To extract the tropical waves, the wavenumber frequency spectral analysis proposed by (Wheeler and Kiladis, 1999) is conducted on the TRMM and OLR data in this study. The filtering bands used are similar to those adopted in Schreck et al. (2011, 2012), and (Fang and Zhang, 2016). The MJO and Kelvin wave bands include 30-90-day and 2.5-17-day periods, as well as eastward propagation at zonal wavenumbers 0-9 and 1-14, respectively. The westward-propagating ER, MRG and TD-type waves cover 9-72-day, 3-10-day and 2.5-5-day periods, and zonal wavenumbers -10 to -1, -10 to -1 and -20 to -6, respectively. In addition, to quantitatively measure the degree of equatorial wave activity, the squared filtered OLR anomalies averaged over (0°-20°N, 120°-180°E) in August, in all 33 years, are normalized. Normalized values larger (smaller) than zero represent activity (inactivity) of equatorial waves.

    The MJO activity during August from 1982 to 2014 is examined based on the extensively used real-time multivariate MJO (RMM) index (Wheeler and Hendon, 2004). If the RMM index in August falls within phases 5, 6 or 7 and lasts more than 19 days, it is regarded as an active MJO event. An inactive MJO event has a similar definition except that the RMM index lies in phases 1, 2 or 3. In this way, six active MJO and seven inactive MJO years are identified, which are (1984, 1986, 1991, 2000, 2001 and 2004) and (1987, 1988, 1995, 1998, 2008, 2011 and 2012), respectively.

    RWB happens when mean flows are too weak to support the wave's linear propagation and nonlinear amplification is enhanced. There are two irreversible overturning types of RWB, which are termed as either cyclonic (i.e., CWB) or anticyclonic (i.e., AWB), based on the overturning direction (Thorncroft et al., 1993). Previous studies have found that AWB events occur more frequently than CWB ones during boreal summer (Abatzoglou and Magnusdottir, 2006; Strong and Magnusdottir, 2008; Galarneau et al., 2015; Zhang et al., 2016, 2017). Moreover, the accompanying PV streamers associated with AWB always stretch equatorward to lower latitudes during boreal summer, so we only consider AWB events in the North Pacific in this study. According to the detection algorithm of RWB described in (Liu and Barnes, 2015) and (Strong and Magnusdottir, 2008), we extract the six-hourly meridional PV gradient reversal of the 2-PVU contour on the 350-K surface (1 PVU = 10-6 m 2 s-1 K kg-1) to identify AWB events. One AWB occurrence is defined when the reversal happens once, and we detect AWB events from those accumulated occurrences.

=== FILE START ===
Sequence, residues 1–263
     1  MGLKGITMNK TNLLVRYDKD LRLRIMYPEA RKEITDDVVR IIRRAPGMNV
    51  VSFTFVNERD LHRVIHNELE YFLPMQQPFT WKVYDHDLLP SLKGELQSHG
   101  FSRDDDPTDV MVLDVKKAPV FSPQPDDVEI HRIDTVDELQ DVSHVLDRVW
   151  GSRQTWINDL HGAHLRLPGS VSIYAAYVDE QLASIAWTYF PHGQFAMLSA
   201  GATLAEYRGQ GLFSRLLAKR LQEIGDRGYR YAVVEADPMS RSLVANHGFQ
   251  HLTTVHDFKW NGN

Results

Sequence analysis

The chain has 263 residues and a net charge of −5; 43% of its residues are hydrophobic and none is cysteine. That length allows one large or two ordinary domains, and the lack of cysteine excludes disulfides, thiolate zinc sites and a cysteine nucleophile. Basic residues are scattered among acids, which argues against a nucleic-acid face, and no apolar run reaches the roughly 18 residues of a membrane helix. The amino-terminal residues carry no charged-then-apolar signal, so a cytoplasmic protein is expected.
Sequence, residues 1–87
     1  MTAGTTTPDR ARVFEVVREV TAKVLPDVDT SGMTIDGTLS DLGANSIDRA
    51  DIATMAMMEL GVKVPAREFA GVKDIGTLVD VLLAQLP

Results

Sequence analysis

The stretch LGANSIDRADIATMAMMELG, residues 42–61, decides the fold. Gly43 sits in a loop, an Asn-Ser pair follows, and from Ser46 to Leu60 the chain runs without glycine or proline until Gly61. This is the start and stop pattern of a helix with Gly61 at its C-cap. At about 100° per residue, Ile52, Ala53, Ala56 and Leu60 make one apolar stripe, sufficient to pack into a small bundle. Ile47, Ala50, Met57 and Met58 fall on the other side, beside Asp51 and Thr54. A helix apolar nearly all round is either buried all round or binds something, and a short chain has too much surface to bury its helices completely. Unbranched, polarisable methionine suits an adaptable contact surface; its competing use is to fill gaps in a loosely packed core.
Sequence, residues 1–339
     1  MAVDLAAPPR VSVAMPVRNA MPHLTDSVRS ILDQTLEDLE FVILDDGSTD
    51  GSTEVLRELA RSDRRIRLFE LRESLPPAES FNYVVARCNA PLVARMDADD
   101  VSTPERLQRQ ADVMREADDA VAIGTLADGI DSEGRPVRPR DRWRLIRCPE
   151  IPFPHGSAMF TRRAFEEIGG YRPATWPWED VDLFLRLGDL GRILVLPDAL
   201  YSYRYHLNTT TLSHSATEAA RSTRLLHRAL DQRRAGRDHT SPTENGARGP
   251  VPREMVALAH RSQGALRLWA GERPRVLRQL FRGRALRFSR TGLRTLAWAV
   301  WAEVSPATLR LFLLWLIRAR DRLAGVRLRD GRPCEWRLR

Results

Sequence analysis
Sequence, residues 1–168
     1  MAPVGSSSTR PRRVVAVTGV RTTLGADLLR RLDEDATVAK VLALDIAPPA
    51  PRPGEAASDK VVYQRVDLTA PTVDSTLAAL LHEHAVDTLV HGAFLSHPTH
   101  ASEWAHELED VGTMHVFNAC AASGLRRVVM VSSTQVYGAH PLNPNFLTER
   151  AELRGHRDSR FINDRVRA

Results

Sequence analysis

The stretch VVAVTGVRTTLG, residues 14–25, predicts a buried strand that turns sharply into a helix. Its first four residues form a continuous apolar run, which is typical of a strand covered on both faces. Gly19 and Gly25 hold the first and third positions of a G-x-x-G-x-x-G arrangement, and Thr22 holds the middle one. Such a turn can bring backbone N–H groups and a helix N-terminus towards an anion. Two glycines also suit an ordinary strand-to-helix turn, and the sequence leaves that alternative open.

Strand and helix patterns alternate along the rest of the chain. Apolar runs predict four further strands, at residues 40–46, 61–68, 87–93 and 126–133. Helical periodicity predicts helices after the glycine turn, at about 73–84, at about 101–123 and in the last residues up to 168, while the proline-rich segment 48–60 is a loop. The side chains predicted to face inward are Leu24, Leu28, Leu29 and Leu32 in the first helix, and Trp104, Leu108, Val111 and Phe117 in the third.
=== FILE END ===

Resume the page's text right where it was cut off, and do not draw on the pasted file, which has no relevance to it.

3. TC genesis associated with large-scale circulation in August 2014
  • There were 23 TCs formed over the WNP in 2014, which was significantly fewer than the average of 30 TC formations over the WNP. On average, August is considered as the month with the most active TC genesis, whereas it was anomalously silent in August 2014, which was responsible for the relatively low number of TCs in 2014 (Fig. 1). The absence of TC activity in August 2014 broke the existing record held since 1945 over the WNP, and the TC number in this period was more than three standard deviations below the climatological mean number.